Leading experts in robotics and artificial intelligence have warned the European Commission that plans to grant robots legal status are “nonsensical and non-pragmatic” — and that doing so could breach human rights.
In an open letter, more than 150 experts in robotics, artificial intelligence, law, medical science and ethics, warned the Commission against approving a proposal that envisions a special legal status of “electronic persons” for the most sophisticated, autonomous robots.
“Creating a legal status of electronic ‘person’ would be ideological and nonsensical and non-pragmatic,” the letter says.
The group said the proposal, which was approved in a resolution by the European Parliament last year, is based on a perception of robots "distorted by science fiction and a few recent sensational press announcements."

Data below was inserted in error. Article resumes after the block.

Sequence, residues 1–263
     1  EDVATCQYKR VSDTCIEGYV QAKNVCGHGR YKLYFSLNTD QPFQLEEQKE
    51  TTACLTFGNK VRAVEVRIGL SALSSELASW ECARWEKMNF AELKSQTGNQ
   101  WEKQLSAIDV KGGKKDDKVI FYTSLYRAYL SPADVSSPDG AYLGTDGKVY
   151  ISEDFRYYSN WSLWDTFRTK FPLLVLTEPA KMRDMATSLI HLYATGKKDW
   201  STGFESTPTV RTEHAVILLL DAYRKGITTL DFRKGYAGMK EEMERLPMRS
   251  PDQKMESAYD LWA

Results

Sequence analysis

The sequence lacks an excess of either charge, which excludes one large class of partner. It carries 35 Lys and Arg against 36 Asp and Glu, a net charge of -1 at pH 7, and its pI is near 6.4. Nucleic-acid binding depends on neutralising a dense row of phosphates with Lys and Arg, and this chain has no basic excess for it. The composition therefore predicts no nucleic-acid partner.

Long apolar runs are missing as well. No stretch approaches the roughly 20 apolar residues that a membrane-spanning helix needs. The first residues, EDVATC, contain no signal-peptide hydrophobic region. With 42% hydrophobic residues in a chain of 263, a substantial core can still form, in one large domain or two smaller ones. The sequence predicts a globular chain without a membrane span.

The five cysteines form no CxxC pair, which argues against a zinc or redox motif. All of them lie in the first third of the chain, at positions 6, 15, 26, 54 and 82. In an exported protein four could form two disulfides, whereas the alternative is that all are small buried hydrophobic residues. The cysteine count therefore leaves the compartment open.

“From an ethical and legal perspective, creating a legal personality for a robot is inappropriate”, they argued, explaining that doing so could breach human rights law.
The experts said Europe should create rules for robotics and artificial intelligence that foster innovation, but also consider the “societal, psychological and ethical impacts.”
“The benefit to all humanity should preside over the framework for EU civil law rules in robotics and artificial intelligence,” the letter says.
The European Parliament resolution, which stresses that robots must serve humanity and not be used to cause damage, is part of efforts by the bloc to prepare for major advances in technology.
‘‘Humankind stands on the threshold of an era when ever more sophisticated robots, bots, androids and other manifestations of artificial intelligence seem poised to unleash a new industrial revolution, which is likely to leave no stratum of society untouched, it is vitally important for the legislature to consider all its implications,” it says.